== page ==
The PID of a subtitle transport packet stream is important as DVB decoders are aware from the DVB
service tables which PID streams carry subtitles for each video service in the multiplex.
Within a transport packet stream, each individual subtitle service is identified using a unique subtitle page
ID. The subtitle page carries information about the display of each subtitle such as the co-ordinates of the
subtitle regions.
The subtitles and other graphics are carried as Objects each having a unique ID so that they may be reused
where appropriate.
Each display object (including subtitle rows) has an associated Presentation Time Stamp (PTS) which
indicates to the DVB decoder at which point in time (relative to the main DVB PCR clock reference) the
object should appear on the screen. This mechanism optimises bandwidth and simplifies multi-lingual
service delivery by allowing subtitles to be pre-delivered to the decoder.
The important criteria when it comes to evaluating DVB subtitle products are (i) the quality and flexibility of the bitmap
subtitling rendering process and (ii) the way in which the PTS data is handled.
What is the typical bit rate of a DVB subtitle stream?
A single language bit-map subtitle stream typically requires a bandwidth of between 50 to 100 kbps depending on
the size and colour density of the subtitles.
To put this into perspective, an MPEG video stream might require between 2 and 4 Mbps and a complete DVB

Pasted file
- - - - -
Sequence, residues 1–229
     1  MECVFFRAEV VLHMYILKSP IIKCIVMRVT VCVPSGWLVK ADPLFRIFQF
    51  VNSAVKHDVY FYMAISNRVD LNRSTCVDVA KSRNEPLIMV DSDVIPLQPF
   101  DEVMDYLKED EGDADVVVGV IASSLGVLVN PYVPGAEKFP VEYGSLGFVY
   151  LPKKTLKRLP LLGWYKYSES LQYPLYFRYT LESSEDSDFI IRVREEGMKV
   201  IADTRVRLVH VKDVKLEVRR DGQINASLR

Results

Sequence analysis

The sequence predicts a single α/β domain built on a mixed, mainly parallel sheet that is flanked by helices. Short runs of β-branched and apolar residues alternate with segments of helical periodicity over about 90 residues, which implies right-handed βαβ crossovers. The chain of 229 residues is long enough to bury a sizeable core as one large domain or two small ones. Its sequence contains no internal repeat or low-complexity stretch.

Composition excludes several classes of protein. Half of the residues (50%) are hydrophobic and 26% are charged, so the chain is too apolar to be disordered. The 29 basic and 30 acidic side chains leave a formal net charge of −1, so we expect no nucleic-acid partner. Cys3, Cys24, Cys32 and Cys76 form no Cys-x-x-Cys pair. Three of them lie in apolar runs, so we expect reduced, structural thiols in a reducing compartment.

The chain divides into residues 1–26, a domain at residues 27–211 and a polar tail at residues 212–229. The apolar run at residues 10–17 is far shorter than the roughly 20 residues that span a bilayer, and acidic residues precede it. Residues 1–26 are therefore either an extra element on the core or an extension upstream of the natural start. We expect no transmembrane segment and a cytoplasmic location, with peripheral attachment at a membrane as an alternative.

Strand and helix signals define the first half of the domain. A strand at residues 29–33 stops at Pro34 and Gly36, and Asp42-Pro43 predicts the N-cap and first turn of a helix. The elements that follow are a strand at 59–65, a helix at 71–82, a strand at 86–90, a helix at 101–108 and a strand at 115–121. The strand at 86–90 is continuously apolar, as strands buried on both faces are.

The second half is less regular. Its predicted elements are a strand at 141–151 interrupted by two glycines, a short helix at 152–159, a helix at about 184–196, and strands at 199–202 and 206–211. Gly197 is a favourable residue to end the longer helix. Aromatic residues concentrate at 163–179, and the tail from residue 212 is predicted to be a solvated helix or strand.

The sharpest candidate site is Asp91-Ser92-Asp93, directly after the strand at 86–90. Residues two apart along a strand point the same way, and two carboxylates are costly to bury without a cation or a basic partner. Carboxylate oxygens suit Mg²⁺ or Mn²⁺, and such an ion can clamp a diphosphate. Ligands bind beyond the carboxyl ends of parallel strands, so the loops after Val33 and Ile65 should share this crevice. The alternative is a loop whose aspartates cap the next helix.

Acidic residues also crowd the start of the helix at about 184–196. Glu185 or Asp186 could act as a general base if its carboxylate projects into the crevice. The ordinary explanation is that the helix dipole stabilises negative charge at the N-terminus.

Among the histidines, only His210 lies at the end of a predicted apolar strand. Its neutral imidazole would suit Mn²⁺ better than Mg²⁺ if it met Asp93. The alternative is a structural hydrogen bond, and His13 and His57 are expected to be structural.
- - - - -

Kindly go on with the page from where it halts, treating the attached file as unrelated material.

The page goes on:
multiplex might total 20-40 Mbps.
How are DVB subtitles broadcast?
Firstly, subtitles are encoded into a DVB format transport packet stream (using a subtitle processor) and then the
subtitle stream is multiplexed or ‘merged’ with all the other video, audio, private data and service information (using
a DVB multiplexer) to form a complete DVB multiplex signal ready for broadcast.
MPEG
Encoders
Subtitle
Processors
DVB
Multiplexer
Video & Audio
inputs
Subtitle inputs
DVB service
information
This simplified diagram shows how DVB subtitle processors contribute transport packet streams containing
subtitles to the multiplexer in the same way as MPEG encoded video and audio streams.
The data flow between subtitle processors and the multiplexer is shown as bi-directional because the subtitle
processors require a real-time feed of the master clock reference (PCR) generated by the multiplexer in order to
generate accurate presentation time stamps (PTS) for each subtitle.
What form of data interface is used between subtitle processor and multiplexer?
Data is most commonly exchanged beetween subtitle processor and multiplexer using ASI connections although
Ethernet TCP/IP connections are also used.
ASI (asynchronous serial interface) has become the industry standard means of carrying high speed digital TV
transport stream data locally between hardware units. ASI uses conventional video cable and BNC connectors
and it shares many of its characteristics with the commonplace 270Mbps serial digital video interfaces used in
video facilities. Although a subtitle stream occupies typically less than 100kbps, multiplexer inputs often require
higher data rates to keep them alive and thus null packets are used to fill up the unused capacity on the link.
Where an ASI connection is used to feed the PCR clock reference data back to the subtitle processor, the signal
often contains the complete multiplexer transport stream output. The subtitle processor then needs to extract the
PCR from the stream.
The ASI interface is easier than TCP/IP to configure where there is master/standby fault tolerant hardware
because ASI signals can be routed through conventional video signal matrices.